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Server-side developers take a shine to Swift

Paul Krill | June 29, 2016
Proponents including IBM see great potential in Apple's up-and-coming language for building web apps and services

PerfectlySoft's business plan involves offering tools to enable developers to get onto cloud platforms like Microsoft Azure, Amazon Web Services, and Heroku, with the company getting a cut of revenues from the cloud providers. "Swift on the server is going to happen," said Stephens.

Perfect is intended to fill certain gaps in Swift. While Swift now can compile to Linux, Stephens noted that it still lacks capabilities to send out data and does not have core functions for such web services as managing cookies, files, and URLs. "The language is the language. It doesn't have any of those constructs. So we've created those constructs," he said. Stephens also sees Swift's eventual placement on Windows platforms as well.

IBM has taken a shine to Swift for its code safety, clarity, and brevity. "We found that we dramatically cut the lines of code in our typical applications when we did a comparison with Objective-C, and even when looking at some of the Java-based code that we have in Android," said John Ponzo, CTO for IBM's Mobile First initiative. The company has been working on enabling Swift on servers since the language made its way to Linux in December.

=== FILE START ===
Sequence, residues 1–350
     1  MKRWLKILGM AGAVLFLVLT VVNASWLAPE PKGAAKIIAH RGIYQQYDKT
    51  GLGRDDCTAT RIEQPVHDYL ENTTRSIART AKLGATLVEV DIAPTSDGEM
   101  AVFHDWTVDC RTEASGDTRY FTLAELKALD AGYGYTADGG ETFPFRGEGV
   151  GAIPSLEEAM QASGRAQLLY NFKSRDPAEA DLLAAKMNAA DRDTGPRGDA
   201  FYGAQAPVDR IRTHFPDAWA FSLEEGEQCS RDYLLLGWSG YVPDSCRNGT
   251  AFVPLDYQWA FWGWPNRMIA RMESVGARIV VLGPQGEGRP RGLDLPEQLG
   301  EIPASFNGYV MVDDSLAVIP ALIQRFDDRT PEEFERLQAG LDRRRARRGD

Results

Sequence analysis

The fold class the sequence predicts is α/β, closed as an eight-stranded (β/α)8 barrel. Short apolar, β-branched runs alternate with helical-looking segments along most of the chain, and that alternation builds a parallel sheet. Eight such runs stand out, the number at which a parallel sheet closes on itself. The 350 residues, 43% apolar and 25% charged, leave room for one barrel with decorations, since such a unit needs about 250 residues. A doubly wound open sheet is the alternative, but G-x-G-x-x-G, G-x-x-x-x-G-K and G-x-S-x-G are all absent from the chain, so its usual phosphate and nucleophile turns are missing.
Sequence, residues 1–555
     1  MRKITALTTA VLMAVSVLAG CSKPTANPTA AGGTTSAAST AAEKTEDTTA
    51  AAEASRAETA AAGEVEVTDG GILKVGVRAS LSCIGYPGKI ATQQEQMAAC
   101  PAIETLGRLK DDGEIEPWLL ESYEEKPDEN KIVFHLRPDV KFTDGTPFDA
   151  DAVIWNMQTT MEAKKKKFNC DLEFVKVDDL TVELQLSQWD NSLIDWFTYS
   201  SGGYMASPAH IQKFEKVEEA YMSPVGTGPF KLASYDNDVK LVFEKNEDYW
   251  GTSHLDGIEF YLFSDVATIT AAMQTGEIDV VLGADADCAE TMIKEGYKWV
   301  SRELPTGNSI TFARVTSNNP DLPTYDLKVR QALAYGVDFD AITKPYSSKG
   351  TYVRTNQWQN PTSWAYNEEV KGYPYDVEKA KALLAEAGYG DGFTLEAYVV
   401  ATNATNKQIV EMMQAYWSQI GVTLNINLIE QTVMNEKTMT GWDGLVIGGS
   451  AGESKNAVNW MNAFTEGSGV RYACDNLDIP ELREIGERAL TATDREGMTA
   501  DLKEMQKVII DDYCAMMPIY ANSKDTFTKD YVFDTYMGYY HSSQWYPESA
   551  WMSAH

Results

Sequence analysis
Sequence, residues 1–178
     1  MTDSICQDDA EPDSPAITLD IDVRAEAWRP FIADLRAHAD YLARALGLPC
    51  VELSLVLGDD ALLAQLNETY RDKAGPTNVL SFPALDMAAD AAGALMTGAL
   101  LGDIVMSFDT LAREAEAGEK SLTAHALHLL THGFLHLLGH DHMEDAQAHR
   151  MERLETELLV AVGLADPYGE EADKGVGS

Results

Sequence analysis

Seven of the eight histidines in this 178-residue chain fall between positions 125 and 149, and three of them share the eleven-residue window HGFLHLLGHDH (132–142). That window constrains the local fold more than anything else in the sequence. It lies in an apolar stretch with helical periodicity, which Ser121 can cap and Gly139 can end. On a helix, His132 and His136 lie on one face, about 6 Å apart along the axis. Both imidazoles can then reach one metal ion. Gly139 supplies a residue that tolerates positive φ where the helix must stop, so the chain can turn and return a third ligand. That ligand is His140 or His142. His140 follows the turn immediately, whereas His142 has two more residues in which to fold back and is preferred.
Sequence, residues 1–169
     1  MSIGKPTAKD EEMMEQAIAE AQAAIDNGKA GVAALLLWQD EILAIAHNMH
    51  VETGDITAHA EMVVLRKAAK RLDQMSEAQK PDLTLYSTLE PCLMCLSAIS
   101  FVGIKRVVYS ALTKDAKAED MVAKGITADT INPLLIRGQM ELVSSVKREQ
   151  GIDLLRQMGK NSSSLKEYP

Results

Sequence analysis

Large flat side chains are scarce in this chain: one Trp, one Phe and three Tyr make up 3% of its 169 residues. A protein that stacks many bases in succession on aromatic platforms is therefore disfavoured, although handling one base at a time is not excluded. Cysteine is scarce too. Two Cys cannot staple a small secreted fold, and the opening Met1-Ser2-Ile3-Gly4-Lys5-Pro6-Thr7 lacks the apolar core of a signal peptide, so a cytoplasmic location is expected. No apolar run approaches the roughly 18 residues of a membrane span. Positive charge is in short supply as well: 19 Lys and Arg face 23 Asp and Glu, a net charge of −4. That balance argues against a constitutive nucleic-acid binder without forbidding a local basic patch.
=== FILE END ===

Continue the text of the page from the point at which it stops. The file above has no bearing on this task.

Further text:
Big Blue's Kitura web framework, written in Swift, presents a modular platform for deploying applications on IBM's Bluemix cloud on either OS X or Linux. Developers can build web services with "complex" routes, according to IBM, and server-side web interfaces. Concurrency is offered through Apple's Grand Central Dispatch software, which IBM is porting to Linux. IBM Cloud Tools for Swift, meanwhile, works with Apple's Xcode development environment to link client-side code and applications to Swift-based back-end server code.

Zewo, which provides open source libraries for "modern server software," also is attempting to link Swift to servers. It features ZeroMQ, which provides a distributed messaging binding for Swift 3, while Zewo OpenSSL provides Swift OpenSSL for OS X and Linux. Zewo offers extensible modules to simplify developing end-to-end web applications in Swift.

"We are building a large developer community around server-side Swift, much like the Node.js community built around server-side JavaScript," Zewo community member Dan Appel said. "We want to make it easy for developers to create back-end applications with a portable, modular architecture. We already have over 50 modules to date and over 400 members in our Slack group."

Zewo proponents see Swift becoming a main server-side language for years to come, Appel said. "The advantages of using Swift on the server go beyond just having the ability to share code with iOS. Swift is an incredibly safe, expressive, fast, and powerful language."

Source: Infoworld


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